I have been reading mystery and crime fiction since I was twelve and first discovered Mr. Holmes. The contest of good and evil was a fine caution for a teenage mind bent on breaking the rules. I did study the genre briefly in the 1970’s for the purpose of developing a mystery magazine to complement the science fiction monster that was swallowing me then, but that came to naught and in general I do not like to spend my time watching the sausage get made. I just happily eat it. When I made the decision to write a fiction about the death of the book some years ago, I quickly adopted the mystery genre as the right vehicle for the getaway. It was then that I decided to catch up with what had been going on since Travis McGee took permanent retirement.
In short, very few detectives drive Oldsmobiles these days (or an old Rolls-Royce converted to a pick-up truck for that matter). The psychology of the criminal act has taken the place of any moral judgment for a large percentage of mysteries. Social concerns often outweigh catching much less punishing the criminal. Criminality in and of itself is frequently in question, no matter the ultimate nature of the crime. The ‘mystery’ is more often an exposition of a crime and its aftermath.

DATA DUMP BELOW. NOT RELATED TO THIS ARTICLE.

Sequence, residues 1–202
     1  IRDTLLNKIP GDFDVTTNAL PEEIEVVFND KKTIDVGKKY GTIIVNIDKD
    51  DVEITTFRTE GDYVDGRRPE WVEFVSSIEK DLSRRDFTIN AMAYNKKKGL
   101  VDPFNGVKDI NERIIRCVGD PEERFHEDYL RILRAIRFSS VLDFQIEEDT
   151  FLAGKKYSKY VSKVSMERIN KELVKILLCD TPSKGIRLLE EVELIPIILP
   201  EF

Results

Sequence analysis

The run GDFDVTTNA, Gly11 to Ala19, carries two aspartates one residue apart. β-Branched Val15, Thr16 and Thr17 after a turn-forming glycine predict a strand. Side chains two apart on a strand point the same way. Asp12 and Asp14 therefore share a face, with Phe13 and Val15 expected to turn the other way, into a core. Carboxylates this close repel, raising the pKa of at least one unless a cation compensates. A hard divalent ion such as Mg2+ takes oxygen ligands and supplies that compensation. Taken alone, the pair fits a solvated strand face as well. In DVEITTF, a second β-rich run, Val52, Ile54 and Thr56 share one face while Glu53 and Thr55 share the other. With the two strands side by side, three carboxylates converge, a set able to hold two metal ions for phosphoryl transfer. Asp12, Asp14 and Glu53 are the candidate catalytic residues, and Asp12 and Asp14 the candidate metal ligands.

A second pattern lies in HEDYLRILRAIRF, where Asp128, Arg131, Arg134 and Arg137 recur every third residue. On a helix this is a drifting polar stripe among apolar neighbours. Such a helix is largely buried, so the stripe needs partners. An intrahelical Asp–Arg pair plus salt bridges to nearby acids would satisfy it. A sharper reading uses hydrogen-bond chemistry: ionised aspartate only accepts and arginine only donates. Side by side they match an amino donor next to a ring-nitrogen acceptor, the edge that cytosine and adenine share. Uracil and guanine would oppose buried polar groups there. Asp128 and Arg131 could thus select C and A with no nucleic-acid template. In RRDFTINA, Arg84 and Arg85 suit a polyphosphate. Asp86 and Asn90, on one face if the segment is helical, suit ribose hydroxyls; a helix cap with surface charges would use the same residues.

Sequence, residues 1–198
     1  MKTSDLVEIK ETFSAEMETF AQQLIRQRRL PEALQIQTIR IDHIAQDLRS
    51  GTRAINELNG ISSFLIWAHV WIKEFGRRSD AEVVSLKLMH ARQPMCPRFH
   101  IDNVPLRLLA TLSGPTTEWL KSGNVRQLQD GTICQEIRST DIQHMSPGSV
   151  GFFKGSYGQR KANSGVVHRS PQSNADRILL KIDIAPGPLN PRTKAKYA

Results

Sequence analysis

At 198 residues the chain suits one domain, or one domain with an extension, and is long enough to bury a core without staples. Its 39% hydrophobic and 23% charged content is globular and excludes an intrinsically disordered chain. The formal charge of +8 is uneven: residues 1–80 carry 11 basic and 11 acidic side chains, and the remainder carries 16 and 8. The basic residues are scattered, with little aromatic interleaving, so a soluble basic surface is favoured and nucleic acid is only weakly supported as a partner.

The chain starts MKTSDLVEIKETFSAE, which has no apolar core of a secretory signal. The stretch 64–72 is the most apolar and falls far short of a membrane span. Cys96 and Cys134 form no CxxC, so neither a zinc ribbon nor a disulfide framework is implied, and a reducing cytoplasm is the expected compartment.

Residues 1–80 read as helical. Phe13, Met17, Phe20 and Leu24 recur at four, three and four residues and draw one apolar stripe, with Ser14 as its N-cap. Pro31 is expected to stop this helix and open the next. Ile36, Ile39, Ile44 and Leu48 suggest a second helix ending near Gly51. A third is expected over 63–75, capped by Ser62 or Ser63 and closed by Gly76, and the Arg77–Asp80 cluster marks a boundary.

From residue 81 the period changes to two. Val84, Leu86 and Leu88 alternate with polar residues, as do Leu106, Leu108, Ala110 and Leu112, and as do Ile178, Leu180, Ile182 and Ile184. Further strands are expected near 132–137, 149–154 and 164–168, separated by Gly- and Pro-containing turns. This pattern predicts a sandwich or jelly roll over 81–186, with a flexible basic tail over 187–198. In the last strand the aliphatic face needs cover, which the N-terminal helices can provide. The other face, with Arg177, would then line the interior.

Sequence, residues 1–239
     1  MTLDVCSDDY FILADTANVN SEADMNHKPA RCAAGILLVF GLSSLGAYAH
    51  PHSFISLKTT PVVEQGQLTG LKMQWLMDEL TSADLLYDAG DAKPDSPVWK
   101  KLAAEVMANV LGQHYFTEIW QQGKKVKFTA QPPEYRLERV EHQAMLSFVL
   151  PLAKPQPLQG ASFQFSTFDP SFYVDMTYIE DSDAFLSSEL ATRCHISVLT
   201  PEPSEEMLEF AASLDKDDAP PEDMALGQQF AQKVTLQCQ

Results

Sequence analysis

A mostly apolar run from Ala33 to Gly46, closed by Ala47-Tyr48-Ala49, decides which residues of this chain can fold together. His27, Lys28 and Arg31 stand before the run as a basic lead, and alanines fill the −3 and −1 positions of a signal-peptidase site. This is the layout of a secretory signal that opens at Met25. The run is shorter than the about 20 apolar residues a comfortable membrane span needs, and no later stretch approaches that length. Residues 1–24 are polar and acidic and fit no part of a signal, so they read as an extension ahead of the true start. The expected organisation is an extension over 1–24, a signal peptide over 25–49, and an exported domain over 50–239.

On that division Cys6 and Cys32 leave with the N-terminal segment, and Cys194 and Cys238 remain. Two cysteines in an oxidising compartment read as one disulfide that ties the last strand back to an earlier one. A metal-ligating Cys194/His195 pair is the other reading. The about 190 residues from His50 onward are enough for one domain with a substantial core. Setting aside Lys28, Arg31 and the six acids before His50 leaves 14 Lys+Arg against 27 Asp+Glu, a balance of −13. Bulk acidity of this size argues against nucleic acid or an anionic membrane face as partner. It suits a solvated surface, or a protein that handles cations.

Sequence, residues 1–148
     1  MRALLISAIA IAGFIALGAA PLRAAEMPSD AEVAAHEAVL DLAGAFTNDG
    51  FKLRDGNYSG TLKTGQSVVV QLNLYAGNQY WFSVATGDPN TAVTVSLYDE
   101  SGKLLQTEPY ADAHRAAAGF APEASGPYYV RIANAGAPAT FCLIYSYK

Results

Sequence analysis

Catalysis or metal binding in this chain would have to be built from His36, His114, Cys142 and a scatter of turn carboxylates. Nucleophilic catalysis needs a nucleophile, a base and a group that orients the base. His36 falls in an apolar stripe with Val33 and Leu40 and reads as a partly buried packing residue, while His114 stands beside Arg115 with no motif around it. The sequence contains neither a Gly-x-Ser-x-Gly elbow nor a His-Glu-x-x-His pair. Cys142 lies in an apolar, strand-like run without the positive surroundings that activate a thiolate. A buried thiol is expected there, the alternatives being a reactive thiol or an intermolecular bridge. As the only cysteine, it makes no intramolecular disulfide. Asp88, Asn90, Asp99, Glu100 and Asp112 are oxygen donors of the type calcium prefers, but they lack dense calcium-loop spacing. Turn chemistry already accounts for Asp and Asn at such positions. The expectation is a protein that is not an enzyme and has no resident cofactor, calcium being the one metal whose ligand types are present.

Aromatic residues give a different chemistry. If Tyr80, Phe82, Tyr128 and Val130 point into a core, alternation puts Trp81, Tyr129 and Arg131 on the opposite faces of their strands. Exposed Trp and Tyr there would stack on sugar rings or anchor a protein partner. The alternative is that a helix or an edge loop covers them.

Something that I have commonly found missing from the mystery genre today is cause, as in ’cause and effect.’ It seems that cause requires judgment and being judgmental has also fallen from favor along with the idea that there is such a thing as ‘crime’ as opposed to (I suppose) bad acts and good acts. And thus, punishment is now relative as well.